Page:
The school is seeking approval of building variances to create a separate middle school by increasing its height by 30 feet and creating 10 new classrooms — a move school officials said is programmatically necessary and would only result in an increase of 10 new students.
But neighbors complained at a meeting Wednesday night that the private K - 12 school on West 93rd Street and Central Park West has caused years of traffic headaches that would only be exacerbated by construction and new students.
"The issue is idling. It’s abhorrent to have people idling in huge cars in front of the school," board member Gabrielle Palitz told her colleagues at the meeting.
Board member Marisa Maack, who said that she usually supports school growth in an overcrowded district, said she couldn't vote for plan in its current form.
"I don’t think I’m willing to vote on this until I see what the traffic mitigations are going to be. I don’t trust that the school is going to follow through," she said. "It’s a culture issue at the school and it’s a leadership issue."
Headmaster Richard J. Soghoian conceded that between 150 to 200 cars descend on the school every day. To pacify neighbors and deal with the issue, the school has enlisted the help of Sam Schwartz Traffic Engineering consultancy.
Douglas Adams, a representative from the company, suggested the school hire private "pedestrian managers" — described as being between a crossing guard and a police officer — to help manage the congestion.
Some parents and school representatives agreed that the school, which they said was part of the community, needs the space for educational reasons. The school would work with the neighborhood to find solutions, they added.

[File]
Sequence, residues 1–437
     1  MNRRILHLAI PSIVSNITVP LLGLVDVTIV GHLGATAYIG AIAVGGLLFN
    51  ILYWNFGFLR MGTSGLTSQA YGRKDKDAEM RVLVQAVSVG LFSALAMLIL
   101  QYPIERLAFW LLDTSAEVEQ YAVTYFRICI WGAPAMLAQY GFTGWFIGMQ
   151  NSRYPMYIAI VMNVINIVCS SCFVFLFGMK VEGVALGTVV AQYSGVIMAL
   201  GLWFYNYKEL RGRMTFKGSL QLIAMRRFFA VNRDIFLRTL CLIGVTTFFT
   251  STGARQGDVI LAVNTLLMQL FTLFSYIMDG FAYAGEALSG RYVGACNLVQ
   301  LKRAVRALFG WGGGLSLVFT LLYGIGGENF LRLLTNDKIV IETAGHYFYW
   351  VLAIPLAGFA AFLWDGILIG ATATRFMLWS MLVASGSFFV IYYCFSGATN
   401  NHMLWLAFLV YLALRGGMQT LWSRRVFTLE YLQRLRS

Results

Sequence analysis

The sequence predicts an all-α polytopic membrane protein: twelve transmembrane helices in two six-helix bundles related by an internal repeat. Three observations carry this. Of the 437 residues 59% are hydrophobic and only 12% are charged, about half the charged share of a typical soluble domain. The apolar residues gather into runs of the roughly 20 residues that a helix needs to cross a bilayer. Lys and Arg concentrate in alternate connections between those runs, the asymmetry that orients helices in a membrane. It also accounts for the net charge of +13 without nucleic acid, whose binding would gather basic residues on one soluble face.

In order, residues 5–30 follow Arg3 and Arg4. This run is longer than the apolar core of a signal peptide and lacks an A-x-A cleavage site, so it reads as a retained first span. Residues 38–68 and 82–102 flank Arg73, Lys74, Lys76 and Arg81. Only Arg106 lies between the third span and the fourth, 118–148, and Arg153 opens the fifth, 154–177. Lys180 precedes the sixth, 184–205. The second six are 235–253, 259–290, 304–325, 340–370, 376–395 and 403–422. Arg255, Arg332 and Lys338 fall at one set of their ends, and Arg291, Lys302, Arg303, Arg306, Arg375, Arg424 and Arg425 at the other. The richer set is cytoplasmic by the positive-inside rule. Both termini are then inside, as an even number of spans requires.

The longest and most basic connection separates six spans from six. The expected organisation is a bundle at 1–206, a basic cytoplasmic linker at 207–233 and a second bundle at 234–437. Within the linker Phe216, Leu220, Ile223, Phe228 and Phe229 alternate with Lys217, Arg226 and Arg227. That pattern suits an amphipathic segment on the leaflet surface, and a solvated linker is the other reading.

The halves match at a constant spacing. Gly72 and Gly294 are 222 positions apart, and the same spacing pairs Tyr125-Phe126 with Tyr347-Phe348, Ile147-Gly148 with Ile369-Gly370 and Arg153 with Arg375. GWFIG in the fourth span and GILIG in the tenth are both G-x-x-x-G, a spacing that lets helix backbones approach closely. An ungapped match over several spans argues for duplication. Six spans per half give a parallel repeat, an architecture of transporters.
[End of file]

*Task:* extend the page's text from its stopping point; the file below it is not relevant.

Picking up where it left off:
"We are the only school, private or public, that doesn’t have a middle school," said parent Lauren Palerno. "It would be really nice to know that at school [middle school aged students] don’t have to be in an environment with 17 and 18-year-old kids."
Susan Drew, an architect from Gruzen Sampton who worked on the school's proposal, said the additional space was absolutely necessary.
"Right now, there are students who are having classes in corridors," she said.
The architecture firm presented a slightly revised plan to the full board Wednesday night, after earlier plans were met with criticism. The new plan features sloped roofs on the east and west sides of the addition, and a rooftop garden and ivy-covered wall to create a more pleasing view for neighbors.
"People above [the addition] will look at a green roof," said architect Peter Samton.
"It’s not perfect, but if you remember, this is probably one of the first plans we’ve seen that has allowed for more sunlight and air," said board member Page Cowley.
The Board of Standards and Appeals will issue its final decision on whether to grant the building variances sought by the school later this spring.